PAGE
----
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100 Days And Nights 1000 Years Ago

100 Days And Nights 1000 Years Ago
A novella in flashes

Other Works

Excerpts from a collection of linked flash fictions centered on the figure of Gisela von Bayern, a Bavarian princess who, in the year 1000, was married off to Hungary where she became the country's first queen. With her husband Saint Stephen I, she christianized large parts of Eastern Europe. After Stephen's death she became Abbess of the convent of Niedernburg near Passau, Germany. Most of the chapters are unpublished but they are available online at with images, including many drawings by my daughter Taffimai (who also created the cover art). As the text proceeds, many additional characters move in and take over the story—just like in real life where control ultimately is an illusion. Since this is a novella in flashes, it doesn't matter where you begin reading it.


I really love the format of your piece. The chapters are brief, but they're packed with great detail.
Hi there, thank you. The novel/la behind these excerpts is now going to be published as a "mosaic novel" by folded word...perhaps a better wording than "flash novel". There's a lot more story to this than what you see here.
Oscar Wilde often wrote short stories that sounded like fairy tales. We were all children once and I believe these pieces speak to the unadulterated, not cynical, person within us. They are too good to take down Marcus.
I've read the first 15 pieces and I love your style--like prose poems, beautifully worded and very playful. The fact that these pieces can be read in any order is very intriguing. It's like a book of poems in that way. I wonder though, if you lose some of the momentum, the forward motion that keeps the reader reading, by not having the progression of a plot? These seem like stories told to a child, which ads a nice hint of continuity (as do the characters). But because there's no necessary order, I lose some of my commitment to read, because I don't know whether my questions will ever be answered. For example, who was standing on the wall and then flew like a stone? Was it Gisela? Can she fly? Or did she die? Really beautiful though. Very professional writing.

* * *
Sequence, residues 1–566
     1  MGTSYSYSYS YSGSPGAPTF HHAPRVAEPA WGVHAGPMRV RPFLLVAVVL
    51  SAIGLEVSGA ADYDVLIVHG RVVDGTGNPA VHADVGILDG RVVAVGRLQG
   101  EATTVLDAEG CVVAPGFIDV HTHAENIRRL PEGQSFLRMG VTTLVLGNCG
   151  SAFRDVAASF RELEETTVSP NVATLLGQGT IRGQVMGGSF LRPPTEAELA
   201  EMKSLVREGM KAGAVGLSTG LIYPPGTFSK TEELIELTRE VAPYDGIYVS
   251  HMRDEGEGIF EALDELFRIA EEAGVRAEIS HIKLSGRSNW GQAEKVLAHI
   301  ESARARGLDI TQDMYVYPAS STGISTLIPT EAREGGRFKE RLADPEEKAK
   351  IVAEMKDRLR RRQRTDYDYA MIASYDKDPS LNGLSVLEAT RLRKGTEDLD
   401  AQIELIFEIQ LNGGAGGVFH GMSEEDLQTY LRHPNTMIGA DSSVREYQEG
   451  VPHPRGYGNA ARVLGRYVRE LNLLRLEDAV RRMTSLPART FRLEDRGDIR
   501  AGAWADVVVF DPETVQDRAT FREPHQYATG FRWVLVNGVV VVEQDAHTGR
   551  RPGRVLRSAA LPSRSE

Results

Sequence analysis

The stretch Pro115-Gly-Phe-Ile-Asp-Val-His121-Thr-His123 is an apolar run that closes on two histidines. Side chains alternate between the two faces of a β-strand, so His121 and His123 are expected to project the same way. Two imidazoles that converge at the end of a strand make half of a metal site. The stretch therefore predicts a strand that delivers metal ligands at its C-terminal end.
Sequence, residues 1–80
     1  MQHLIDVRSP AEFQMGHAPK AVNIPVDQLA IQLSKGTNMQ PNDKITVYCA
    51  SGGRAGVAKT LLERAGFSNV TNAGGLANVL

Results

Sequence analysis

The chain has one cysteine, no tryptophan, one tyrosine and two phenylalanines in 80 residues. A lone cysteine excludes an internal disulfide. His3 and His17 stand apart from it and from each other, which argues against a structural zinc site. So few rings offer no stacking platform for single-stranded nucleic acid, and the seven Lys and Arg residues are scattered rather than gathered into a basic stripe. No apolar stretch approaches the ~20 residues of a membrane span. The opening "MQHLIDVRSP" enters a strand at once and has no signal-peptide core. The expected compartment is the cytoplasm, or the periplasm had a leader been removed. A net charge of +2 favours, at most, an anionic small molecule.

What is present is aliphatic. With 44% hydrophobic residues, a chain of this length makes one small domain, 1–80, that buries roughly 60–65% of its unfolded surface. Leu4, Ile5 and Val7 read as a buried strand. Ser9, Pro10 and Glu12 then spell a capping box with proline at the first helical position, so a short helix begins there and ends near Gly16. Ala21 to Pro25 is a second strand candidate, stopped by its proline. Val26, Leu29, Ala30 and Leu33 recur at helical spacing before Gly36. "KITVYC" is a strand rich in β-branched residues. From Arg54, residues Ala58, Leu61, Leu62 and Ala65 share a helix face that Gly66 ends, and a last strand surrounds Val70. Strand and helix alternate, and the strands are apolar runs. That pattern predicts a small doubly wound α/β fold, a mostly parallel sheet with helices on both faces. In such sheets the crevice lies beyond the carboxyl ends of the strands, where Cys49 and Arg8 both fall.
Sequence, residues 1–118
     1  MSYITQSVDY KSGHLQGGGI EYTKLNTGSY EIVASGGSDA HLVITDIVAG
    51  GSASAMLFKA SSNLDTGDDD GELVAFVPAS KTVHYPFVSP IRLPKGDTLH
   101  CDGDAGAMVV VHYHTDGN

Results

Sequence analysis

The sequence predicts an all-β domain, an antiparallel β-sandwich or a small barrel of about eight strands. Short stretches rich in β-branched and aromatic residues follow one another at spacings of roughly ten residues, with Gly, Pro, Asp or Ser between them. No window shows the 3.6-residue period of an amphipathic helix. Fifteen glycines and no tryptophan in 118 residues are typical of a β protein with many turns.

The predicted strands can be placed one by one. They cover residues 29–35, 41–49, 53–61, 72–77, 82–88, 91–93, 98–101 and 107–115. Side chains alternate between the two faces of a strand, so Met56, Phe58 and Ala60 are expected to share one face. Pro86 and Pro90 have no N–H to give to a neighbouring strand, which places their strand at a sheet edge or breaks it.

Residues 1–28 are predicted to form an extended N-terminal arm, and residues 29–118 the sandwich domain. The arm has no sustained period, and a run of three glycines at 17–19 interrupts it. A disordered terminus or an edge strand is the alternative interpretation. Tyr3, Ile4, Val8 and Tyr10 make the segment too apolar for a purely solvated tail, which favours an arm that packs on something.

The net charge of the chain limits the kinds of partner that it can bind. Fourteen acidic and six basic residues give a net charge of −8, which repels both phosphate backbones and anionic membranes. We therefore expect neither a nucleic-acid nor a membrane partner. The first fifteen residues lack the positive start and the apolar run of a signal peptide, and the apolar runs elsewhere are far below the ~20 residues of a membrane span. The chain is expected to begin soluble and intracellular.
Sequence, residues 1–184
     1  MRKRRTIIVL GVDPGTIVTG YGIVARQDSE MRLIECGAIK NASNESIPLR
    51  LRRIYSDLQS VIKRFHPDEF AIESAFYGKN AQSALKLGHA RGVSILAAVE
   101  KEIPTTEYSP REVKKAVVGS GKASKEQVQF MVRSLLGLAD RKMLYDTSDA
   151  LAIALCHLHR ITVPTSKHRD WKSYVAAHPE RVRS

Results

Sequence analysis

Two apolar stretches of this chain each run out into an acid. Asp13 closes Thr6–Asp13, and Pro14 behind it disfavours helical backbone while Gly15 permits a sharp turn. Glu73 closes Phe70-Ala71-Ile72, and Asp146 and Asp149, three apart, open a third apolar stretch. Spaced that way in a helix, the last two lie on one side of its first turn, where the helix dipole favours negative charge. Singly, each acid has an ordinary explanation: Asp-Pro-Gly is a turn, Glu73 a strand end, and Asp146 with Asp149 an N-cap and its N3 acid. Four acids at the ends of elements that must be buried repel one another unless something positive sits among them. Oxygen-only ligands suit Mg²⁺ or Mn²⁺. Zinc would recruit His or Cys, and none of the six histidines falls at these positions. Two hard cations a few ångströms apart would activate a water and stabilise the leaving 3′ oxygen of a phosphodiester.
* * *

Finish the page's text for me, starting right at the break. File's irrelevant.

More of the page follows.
Thank you, diana, for your close reading, annotation and for this comment. The stories are currently presented in the order in which they were written; most of them are still in "first draft" so to speak though first draft for a flash is different from first draft for a longer piece. I'm aware that I'm definitely pushing the envelope of the concept of "novella" here: pieces like "NO NAME" or "POOR PIG-DOG" are only the tip of the iceberg...regarding your observation of "forward motion": after no. 15 there is a long barren run of pieces without Gisela or the other main characters introduced so far. When Gisela returns, she now returns often in first person, and there are many flashes that don't seem to have anything to do with the central story. They are like snow flakes that fell to Earth somewhere around the year 1000 in Europe, but that's it. Gisela keeps coming back, sometimes as a young girl, but in a number of episodes she speaks as an old woman. I have removed (visible) traces of modernity, but I have indeed not taken care to preserve the story. I haven't made up my mind yet about this but your comments help! — As for the piece "NIGHT FLIGHT": this is indeed supposed to be Gisela. I begin with a piece of (undeveloped) back story. My original vision was a novel-size text feeding on the life of the historical figure Gisela, but after the 100 day project ended in the real/virtual world, I somehow lost heart to be honest. Perhaps this is one of those stories that need to ripen and be finished at a later stage. — Thank you again!
[Came here this morning to remove most of the pieces, but your comment makes me reconsider this decision and now I will leave it up as it is hoping for more comments on the overall structure and intuitive architecture of this book.]

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